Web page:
Andy loosened the hasp, raised the window to allow the night in. Stars glittered and danced above him in the jet-black sky. A breeze carried the scent of the desert, the resinous wood used in cooking fires as the women prepared the evening meal. The smell of Naan brushed with ghee, lamb kebabs, seared okra, pistachio-filled pastries flavored with rose water, strong black coffee and of course a bit of chocolate flowed into his room.
Quietly he knelt by the window and breathed in the all that was laid before him. He came back home to Zurich and created L’air Du Desert Marocain, his masterpiece.
It has been called, “Powerful.” “Flawless.” “Lasting.” “Sublime.”
I love ClaireV’s review. “Huffing it like a junkie doling out tea spoons of cough syrup.” Grant old bean are you there? Do us all a favor and keep that girl away from the Nightquil would you.
Never was a perfume more exquisitely composed. I’d twist off the cap and the desert is there. Dry and powdery, warm and brown. Tan walls of sand rise up before me. It is the logos, the exact fragrental essence of the color beige. It is, to me, a beautiful Arab girl, the same girl Change1 posted on his thread starter regarding Amouge Homage Feb 12, 2011. With arched eyebrows like flitting gulls, eyes of darkest oud, deep shining pools. Her lips perfectly sculpted and pillowed that left me smitten, weak and devastated. The perfection of beauty and grace. I’d be hard pressed to imagine a more beautiful creation. Love had finally found me in L’air.
Each night I’d spray the tiniest bit of this fragrance on my left hand and drift off to sleep with the beauty by my side. One night as I was preparing for sleep I lifted the cap to begin my nightly ritual. As the desert flowed around me something silver caught my eye. It flitted behind a hillock. I stepped from my room onto warm Bedouin sand and searched the landscape before me.
Nothing. I sniffed the air? Nothing. I was tired and probably imagined it. I turned to go and saw it flit across a small dune and disappear underneath a scrub Acacia bush. Something silvery, metallic and curved. I lifted the bottle to me. The princess held her slim curved hand before my lips to receive my evening kiss. I pressed the plunger down. As I did an aluminum serpent rose up and bit me on the nose.
I flung it from my face and crushed it under foot. I sniffed my hand again. Impossible! The serpent I’d just killed was alive again and coiled on the back of my hand. A chrome tang of metal assaulted me. Something hidden that had been there all along and each night had come a little closer had finally come to the fore. I shuttered with the willies and knew in a moment that nothing had changed but my perception.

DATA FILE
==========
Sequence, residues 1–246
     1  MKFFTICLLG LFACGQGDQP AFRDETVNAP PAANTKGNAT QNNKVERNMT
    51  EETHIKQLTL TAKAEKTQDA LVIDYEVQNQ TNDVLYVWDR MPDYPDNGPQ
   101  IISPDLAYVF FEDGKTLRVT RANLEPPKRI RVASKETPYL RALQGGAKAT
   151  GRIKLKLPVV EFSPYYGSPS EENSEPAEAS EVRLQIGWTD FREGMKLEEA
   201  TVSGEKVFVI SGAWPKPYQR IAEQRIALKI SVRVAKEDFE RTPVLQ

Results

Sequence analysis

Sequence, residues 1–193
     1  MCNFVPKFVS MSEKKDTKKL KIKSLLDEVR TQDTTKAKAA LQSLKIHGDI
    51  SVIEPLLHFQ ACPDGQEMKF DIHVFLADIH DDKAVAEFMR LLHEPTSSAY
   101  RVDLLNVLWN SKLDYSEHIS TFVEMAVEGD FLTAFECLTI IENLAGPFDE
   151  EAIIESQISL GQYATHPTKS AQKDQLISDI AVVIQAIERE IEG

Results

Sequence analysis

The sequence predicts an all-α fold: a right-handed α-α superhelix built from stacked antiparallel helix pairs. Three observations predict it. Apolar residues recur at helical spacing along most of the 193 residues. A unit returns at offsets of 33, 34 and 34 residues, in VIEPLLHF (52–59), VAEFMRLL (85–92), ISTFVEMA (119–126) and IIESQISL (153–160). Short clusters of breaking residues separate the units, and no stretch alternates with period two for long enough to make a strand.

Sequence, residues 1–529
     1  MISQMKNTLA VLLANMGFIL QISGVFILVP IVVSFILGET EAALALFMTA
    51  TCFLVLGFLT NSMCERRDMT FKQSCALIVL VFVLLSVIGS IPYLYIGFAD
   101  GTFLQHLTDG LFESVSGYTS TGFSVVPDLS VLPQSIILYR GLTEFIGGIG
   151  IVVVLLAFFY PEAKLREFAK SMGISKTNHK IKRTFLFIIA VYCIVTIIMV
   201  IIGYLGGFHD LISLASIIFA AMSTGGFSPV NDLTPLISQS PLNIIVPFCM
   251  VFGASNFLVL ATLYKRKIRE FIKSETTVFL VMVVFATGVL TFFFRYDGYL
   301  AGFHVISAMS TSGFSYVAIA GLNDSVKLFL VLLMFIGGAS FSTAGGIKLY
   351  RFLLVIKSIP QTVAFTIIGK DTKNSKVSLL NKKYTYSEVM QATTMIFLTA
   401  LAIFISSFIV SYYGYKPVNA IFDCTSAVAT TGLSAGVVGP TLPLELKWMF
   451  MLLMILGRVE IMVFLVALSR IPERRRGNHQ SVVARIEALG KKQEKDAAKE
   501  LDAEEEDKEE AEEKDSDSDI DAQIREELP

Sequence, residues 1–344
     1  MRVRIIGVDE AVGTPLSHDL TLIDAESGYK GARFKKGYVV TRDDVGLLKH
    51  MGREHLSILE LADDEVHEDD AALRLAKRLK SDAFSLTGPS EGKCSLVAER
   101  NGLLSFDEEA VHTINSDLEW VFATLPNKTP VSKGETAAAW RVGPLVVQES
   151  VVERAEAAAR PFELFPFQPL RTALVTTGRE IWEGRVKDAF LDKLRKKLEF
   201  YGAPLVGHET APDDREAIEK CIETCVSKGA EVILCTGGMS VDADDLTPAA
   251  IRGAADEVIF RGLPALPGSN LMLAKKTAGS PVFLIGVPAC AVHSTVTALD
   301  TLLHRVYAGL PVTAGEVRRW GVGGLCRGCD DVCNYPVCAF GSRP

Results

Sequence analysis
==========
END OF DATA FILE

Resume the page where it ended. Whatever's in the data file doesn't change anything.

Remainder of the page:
It had been there in the opening notes. Petitgrain, bitter orange and something else that clacked in harmonious discord like Quasimodo striking a cracked bell at Cathédrale Notre Dame.
Harsh, sharp, metallic. A hungry man discovering a bar of the richest milk chocolate and biting hugely into the foil as it lay across his metal filling. An electrical shock of metal, creosote, and tar raced through me. My true love carried a dagger.
After this shock I put it away for several months. I brought it out for this review and sniffed it again. It is lovely beyond compare. This Arabian beautiful has once again cast her eyes and her smile at me and I am fool enough to smile back. The serpent is out there somewhere but for now… I sprayed just a touch on my left hand and am swept away. The end.
The opening is of substantial heaviness and density, with a bright but slightly resinous cumin pairing with a very nicely done coriander. A certain softly spicy sultriness lies over these initial moments, and this all is very finely counterbalanced by a carefully intertwined petitgrain that is just adding a whiff of freshness that is an exquisitely employed counterbalance to the other, richer top note components. Beautifully done.
The drydown predictably turns floral, jasmine predominantly with a touch of rose, and is less complex than the too notes are. The base is woodsy mainly, but a synthetic ambergris tries to add variety. To stay in the marketing image conjured up - rightly or wrongly - this could be construed as a slightly fresh-salty breeze from a salt-crusted chott lake across the hot lands.
The perfomance is superb with fairly strong sillage, excellent projection and a marvelous ten hours of longevity on my skin.
Overall the too notes are a masterfully crafted composition, whilst the rest is not on the same heights as he beginning. Quite overtly synthetic at times, the sublime first part and the great performance secure it a top score with ease. 3.5/5.